Animals | February 10, 2023 10:09 AM | hangbony
The Pesquet’s parrot (Psittrichas fulgidus), also known as the vulturine parrot (leading to easy confusion with Pyrilia vulturina from Brazil), is the only member of its genus, and its genus is the only member of the subfamily Psittrichadinae. It is endemic to the hill and montane rainforests of New Guinea. The Pesquet’s parrot is a large parrot with a total length of approximately 46 cm (18 in) and a weight of 680–800 g (24–28 oz). Its plumage is black, with greyish scaling to the chest and a red belly, uppertail coverts, and wing panels.
The adult male has a red spot behind the eye, which is not seen in the adult female. Compared to most other parrots, it appears unusually small-headed, in part due to the bare black facial skin and the relatively long, hooked bill. This rather vulture-like profile is the reason behind its alternative common name. The Pesquet’s parrot is a highly specialized frugivore, feeding almost exclusively on a few species of figs.
Flowers and nectar have also been reported. At least in parts of its range, it is seasonally nomadic in response to the availability of fruits. The bare part of the head is presumably an adaptation to avoid feather-matting from sticky fruits. Little is known about its breeding habits in the wild, but the two eggs are laid in a nest in a large, hollow tree. It is typically seen in pairs or groups of up to 20 individuals. In flight, it alternates between rapid flapping and short glides. The feathers of the Pesquet’s parrot are highly prized.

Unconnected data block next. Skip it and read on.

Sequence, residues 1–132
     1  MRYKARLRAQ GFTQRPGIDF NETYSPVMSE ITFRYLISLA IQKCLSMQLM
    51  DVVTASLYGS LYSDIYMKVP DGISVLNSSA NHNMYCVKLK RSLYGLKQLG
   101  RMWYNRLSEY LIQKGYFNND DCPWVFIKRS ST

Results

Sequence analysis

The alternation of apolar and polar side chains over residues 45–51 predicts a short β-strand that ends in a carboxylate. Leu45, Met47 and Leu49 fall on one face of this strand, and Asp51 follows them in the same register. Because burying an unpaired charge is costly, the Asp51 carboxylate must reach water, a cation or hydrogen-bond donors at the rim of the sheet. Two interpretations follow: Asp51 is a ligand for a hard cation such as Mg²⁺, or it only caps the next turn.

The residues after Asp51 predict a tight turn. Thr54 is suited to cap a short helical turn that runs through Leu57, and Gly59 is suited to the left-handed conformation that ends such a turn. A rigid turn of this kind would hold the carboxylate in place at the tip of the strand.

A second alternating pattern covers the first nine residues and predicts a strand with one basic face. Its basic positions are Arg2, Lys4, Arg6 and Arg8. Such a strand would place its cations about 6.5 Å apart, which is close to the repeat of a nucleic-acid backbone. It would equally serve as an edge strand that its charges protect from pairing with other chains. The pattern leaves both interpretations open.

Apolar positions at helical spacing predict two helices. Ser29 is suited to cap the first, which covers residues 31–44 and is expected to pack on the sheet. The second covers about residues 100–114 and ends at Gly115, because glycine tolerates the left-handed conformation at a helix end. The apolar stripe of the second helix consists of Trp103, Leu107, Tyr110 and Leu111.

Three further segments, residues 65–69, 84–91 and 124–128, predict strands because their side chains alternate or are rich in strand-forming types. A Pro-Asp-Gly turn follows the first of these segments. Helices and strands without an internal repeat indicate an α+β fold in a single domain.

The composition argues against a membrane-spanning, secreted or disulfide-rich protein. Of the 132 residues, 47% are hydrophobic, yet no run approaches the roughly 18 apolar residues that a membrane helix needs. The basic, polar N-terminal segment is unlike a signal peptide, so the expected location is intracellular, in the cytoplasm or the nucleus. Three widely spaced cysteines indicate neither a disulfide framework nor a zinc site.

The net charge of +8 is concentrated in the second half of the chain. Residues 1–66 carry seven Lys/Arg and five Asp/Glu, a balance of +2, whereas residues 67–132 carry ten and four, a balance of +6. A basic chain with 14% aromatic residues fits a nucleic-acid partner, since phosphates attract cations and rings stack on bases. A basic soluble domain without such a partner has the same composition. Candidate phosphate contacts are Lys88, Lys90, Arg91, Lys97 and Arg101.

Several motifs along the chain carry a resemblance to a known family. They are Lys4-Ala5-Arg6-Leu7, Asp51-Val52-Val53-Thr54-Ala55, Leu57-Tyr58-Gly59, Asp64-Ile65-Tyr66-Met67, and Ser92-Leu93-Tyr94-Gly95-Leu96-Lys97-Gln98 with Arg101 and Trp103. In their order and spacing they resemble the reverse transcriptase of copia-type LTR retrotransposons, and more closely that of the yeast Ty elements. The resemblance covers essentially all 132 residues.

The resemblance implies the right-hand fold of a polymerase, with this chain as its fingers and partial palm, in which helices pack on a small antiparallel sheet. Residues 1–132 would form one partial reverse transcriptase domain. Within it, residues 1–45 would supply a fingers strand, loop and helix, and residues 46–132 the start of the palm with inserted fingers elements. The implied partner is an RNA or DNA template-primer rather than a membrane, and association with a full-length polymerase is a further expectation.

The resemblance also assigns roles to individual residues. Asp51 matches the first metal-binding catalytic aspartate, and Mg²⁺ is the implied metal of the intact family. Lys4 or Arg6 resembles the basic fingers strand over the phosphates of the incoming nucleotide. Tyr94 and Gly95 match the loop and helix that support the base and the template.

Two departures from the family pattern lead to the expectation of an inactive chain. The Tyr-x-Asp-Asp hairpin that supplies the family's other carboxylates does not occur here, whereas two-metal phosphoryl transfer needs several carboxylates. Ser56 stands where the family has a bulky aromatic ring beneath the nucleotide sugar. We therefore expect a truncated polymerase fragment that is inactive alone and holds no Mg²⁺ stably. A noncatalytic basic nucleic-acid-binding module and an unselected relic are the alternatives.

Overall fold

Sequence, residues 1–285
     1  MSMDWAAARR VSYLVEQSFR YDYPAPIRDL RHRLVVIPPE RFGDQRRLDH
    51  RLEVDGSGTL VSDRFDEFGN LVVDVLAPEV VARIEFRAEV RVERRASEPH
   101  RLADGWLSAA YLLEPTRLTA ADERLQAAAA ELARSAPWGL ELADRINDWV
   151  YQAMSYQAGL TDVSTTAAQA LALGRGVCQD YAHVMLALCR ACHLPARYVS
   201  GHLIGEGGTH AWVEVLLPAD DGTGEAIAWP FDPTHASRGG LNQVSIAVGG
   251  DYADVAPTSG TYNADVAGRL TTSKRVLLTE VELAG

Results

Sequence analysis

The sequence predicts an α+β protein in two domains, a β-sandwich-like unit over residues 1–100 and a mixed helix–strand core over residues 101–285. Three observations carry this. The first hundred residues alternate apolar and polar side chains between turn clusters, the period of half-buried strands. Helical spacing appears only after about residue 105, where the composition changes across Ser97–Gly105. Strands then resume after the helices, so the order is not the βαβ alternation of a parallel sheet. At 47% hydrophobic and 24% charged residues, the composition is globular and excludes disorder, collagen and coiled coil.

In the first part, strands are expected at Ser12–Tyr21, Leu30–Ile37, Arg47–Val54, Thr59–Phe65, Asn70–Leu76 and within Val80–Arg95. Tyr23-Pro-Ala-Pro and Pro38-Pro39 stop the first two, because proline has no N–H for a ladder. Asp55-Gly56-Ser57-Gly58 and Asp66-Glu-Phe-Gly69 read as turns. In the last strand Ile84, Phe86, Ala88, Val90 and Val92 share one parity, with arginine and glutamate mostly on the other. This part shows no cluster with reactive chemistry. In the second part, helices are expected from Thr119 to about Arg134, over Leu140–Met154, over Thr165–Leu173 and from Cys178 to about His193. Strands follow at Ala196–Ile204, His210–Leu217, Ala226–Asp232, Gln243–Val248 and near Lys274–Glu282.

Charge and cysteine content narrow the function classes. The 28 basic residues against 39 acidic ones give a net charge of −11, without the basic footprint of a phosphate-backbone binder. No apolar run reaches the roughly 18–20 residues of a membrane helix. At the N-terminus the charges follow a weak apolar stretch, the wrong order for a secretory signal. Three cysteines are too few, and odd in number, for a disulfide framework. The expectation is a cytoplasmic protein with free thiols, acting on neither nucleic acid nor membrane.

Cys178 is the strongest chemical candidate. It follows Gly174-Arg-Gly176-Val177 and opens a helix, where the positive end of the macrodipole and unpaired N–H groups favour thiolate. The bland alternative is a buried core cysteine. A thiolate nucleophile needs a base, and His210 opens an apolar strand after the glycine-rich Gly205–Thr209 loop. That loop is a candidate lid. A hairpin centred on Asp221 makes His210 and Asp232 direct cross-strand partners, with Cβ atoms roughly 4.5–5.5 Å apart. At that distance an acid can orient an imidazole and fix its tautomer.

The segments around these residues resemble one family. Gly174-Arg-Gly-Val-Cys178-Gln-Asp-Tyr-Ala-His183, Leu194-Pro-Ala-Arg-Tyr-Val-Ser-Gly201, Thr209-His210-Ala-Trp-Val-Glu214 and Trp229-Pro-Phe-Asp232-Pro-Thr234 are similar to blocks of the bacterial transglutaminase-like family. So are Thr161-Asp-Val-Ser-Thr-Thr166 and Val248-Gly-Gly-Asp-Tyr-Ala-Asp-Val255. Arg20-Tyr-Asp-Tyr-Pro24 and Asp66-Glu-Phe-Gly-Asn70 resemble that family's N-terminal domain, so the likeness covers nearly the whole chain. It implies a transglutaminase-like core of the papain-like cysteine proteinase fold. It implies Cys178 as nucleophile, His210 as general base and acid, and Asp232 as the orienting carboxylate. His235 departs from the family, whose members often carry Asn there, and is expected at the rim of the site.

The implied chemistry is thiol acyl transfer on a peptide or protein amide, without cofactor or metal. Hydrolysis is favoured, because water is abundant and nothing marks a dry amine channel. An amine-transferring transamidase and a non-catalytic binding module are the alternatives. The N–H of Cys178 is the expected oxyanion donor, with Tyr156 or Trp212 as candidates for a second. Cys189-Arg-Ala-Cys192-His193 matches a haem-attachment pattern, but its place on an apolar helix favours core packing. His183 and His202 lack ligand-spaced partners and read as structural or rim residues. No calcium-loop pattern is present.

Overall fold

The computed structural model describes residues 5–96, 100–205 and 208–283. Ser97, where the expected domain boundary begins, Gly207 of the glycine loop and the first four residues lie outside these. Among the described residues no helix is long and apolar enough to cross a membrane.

This, combined with high prices in aviculture, has resulted in overhunting. Habitat loss also presents an ongoing problem. For these reasons, it is listed as vulnerable on the IUCN Red List of Threatened Species. The Pesquet’s parrot is listed on Appendix II of CITES.
Birds | May 31, 2023 1:38 AM
Birds | May 29, 2023 2:55 AM
Copyright © 2022 hangbona.com
Powered by WordPress and Hangbona